This may all sound rather dramatic. And yes, the wedding dress anecdote is perhaps a somewhat-extreme example. Yet the reality is that, all throughout my university years, I was that pariah. I was very literally shamed by female friends for accommodating many of Coby's wishes, and if I had a dollar for every time I was reprimanded or labelled a 'doormat' due to my belief in relational compromise... well, I probably wouldn't possess quite the same drive to enter writing competitions boasting cash prizes.
The fact of the matter is that each relationship stands as its own unique entity. No single one looks the same, and a woman should have the right to decide for herself how she functions within her own relationship. If her partner suggests that she start shaving, or start exercising, or that she drink one bottle of red wine a night as opposed to three, the response she offers should be of her own making, not another's. And if she chooses to take these suggestions to heart, to change how she acts out of respect for her partner, she should not be made to feel 'weak'.
My point, I suppose, is this: willingness to compromise in a relationship is not a flaw. Compromise does not equal a lack of resolve or personal surrender. On the contrary: the strongest women in my life have been those with the insight, the empathy and the emotional maturity to look beyond their own arbitrary preferences and realize that one of the bravest, most counter-cultural things a woman can do is to genuinely love. Sometimes - oftentimes - love means reshaping, it means making changes. If a woman chooses to embark upon the renovation process, it doesn't mean that she's setting fire to the legacy of the Suffragettes. It means that she is exercising her right to choose.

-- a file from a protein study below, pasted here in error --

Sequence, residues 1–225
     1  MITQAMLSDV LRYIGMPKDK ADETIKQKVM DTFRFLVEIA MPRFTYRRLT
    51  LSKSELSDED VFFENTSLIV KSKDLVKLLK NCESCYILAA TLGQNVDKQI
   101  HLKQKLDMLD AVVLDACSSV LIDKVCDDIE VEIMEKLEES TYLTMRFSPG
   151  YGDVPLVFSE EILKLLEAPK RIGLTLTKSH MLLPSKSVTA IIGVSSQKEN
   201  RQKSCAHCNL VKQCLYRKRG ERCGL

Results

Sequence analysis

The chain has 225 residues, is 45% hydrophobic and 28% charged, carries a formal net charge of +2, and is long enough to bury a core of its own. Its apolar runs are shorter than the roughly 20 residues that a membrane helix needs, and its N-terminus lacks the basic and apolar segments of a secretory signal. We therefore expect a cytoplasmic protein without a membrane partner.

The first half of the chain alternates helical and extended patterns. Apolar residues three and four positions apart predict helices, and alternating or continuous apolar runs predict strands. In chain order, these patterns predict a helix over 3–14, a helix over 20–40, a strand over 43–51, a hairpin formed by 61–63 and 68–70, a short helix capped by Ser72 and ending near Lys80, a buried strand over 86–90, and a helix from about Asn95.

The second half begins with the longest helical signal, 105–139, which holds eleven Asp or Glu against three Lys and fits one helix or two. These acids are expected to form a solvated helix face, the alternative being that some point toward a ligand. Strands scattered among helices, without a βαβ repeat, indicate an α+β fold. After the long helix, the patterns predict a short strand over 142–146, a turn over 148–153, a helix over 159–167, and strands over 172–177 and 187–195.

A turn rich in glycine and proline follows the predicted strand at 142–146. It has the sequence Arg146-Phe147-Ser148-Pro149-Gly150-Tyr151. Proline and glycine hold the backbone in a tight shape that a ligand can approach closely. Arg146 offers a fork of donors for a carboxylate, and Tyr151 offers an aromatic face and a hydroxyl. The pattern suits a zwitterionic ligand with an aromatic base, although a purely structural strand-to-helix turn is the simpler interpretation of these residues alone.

And so, I'll wear a wedding dress with sleeves. I'll keep on shaving, even though the razor rash occasionally drives me to distraction. And if anyone feels the need to call me out on these decisions, I'll smile, nod, and thank them for their concern. Because life as a woman is difficult enough - if we're willing to tear each other down over matrimonial fashion and prickly legs, then what are we even fighting for?